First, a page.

Well, one could think of that professor's statement as referring to how that quantum mechanics is needed to describe the basic physics of electrons and atoms in the components that make up the electronic devices used to do signal processing - however the behavior of many components, especially in analogue circuits, at high signal intensities (i.e. currents carrying much higher charge flow rates than a few electrons per second and with energy levels much greater than a single photon of comparable frequency to the signal(s) involved) can be usefully approximated very well with classical mechanics - namely Maxwell's equations. Components like transistors, however, that are often used in digital signal processing do require a more thoroughly quantum understanding to fully make sense of. But I don't think it's necessarily connected to what the video is describing.
Regarding the question of waves versus particles in quantum mechanics and particles versus fields in quantum field theory - all this is explained by the mathematical notion of the Hilbert Space which is used to describe the system(s) in question. All quantum states are members of a Hilbert Space which is associated with the system and it is possible to represent the same space in different (mathematical jargon: isomorphic) ways, in particular, as amplitude functions (wave functions) giving a quantum amplitude for each possibile value of some particular measurable quantity, and which of these you take as representation determines which is "fundamental".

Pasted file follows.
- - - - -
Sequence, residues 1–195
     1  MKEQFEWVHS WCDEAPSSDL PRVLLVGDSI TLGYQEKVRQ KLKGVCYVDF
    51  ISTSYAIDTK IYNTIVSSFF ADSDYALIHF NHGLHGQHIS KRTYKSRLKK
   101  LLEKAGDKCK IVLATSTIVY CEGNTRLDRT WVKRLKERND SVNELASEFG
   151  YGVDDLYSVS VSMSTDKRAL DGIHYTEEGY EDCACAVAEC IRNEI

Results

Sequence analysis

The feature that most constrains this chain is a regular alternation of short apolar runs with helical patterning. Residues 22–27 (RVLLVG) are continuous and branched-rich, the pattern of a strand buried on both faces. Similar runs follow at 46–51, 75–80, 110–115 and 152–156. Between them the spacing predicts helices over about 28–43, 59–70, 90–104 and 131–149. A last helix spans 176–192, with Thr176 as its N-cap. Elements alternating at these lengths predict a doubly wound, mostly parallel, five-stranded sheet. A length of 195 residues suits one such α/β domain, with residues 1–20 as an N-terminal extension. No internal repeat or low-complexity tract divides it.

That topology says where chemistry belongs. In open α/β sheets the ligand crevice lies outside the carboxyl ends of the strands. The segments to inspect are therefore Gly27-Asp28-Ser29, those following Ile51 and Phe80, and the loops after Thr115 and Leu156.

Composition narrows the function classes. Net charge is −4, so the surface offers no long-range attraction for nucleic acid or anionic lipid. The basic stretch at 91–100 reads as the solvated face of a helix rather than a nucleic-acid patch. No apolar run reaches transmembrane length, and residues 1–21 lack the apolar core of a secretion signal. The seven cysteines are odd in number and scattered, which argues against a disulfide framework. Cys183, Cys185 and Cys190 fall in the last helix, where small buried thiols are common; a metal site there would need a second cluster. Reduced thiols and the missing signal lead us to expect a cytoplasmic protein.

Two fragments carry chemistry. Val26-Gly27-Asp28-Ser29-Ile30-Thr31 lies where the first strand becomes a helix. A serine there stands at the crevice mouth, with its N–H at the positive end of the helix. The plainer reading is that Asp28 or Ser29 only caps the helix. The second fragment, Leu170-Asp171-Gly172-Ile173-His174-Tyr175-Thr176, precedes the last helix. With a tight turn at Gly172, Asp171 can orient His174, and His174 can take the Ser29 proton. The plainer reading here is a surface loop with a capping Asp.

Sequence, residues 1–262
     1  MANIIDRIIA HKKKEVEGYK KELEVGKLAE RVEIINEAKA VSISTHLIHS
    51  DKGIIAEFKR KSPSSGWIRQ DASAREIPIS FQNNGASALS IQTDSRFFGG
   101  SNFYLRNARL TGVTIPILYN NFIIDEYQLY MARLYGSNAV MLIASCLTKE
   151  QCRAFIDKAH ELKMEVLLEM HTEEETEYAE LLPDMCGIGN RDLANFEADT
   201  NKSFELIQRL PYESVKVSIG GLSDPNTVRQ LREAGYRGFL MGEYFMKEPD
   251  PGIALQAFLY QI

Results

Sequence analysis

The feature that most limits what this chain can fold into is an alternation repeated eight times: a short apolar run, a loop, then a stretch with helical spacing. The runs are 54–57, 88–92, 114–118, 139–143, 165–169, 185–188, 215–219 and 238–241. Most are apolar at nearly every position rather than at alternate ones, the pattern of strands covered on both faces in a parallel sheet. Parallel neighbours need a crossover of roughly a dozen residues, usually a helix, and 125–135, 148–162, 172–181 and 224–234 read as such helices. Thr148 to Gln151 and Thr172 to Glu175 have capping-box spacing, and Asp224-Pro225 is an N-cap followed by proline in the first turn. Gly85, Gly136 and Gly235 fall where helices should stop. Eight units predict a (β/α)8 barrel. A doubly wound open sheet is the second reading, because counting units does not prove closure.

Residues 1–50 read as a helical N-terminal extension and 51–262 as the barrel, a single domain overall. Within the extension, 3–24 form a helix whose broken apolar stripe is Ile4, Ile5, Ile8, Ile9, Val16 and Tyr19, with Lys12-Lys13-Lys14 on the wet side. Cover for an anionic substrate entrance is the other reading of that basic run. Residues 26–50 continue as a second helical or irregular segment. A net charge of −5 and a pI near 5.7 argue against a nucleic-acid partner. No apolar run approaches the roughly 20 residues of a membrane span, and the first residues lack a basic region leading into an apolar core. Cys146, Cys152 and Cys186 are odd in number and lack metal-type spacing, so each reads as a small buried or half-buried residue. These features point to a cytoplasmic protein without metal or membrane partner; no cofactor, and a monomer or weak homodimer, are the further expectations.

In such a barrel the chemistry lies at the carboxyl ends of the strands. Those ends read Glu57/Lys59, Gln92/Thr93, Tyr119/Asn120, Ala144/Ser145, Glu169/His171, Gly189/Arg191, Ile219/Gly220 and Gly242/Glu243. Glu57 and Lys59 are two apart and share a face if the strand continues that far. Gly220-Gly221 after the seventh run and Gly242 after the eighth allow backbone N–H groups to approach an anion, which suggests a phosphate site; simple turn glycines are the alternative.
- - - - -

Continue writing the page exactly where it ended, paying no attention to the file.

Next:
In particular Hilbert Spaces are a special kind of vector space from linear algebra, and in linear algebra every vector space has one or more basis sets which are a "just big enough" subset of the vectors that can be combined together to generate all other vectors in the space - and there is one basis set for each kind of measurable quantity and associated with a certain mathematical operator defined on the space. If you use the position operator, your wave functions will be represented as amplitudes for particle positions, and this corresponds to the particle view. If you use the momentum operator, your wave functions will be represented as giving amplitudes for particle momenta, and this corresponds to the wave view. For quantum fields, if you use the number operator, that is the particle view, and if you use the field operator, that is the field view. Each one is another way of describing the exact same mathematical object by looking at it through a different lense, so they are entirely equivalent and neither one is superior to the other in just the minimum mathematical setup of quantum mechanics.
This is also what is going on in the 3Blue1Brown video - the mathematical space of Fourier-transformable signals and waves is essentially the same (not sure if exactly but one may include the other as a suitably broad subset) as the Hilbert Space used to describe a single particle in 1-dimensional space, and thus both by virtue of having the same mathematical description will have analogous mathematical properties - and it is also this that can be considered as a reason why one would think to talk of the quantum spaces as "particles versus waves". The Fourier transform itself corresponds to a change of basis vectors (isomorphism of equivalent representations) from time to frequency in the signal case and position to momentum in the quantum case. Any time that two such quantities can be considered as different bases of a vector space the uncertainty relation will exist between them - it is no different than the tradeoff of x- vs y-component of a vector in 2D space as you rotate that vector, or perhaps better, hold the vector steady and rotate the 2D coordinate axes about the origin (such a change of axes is effectively a change of basis).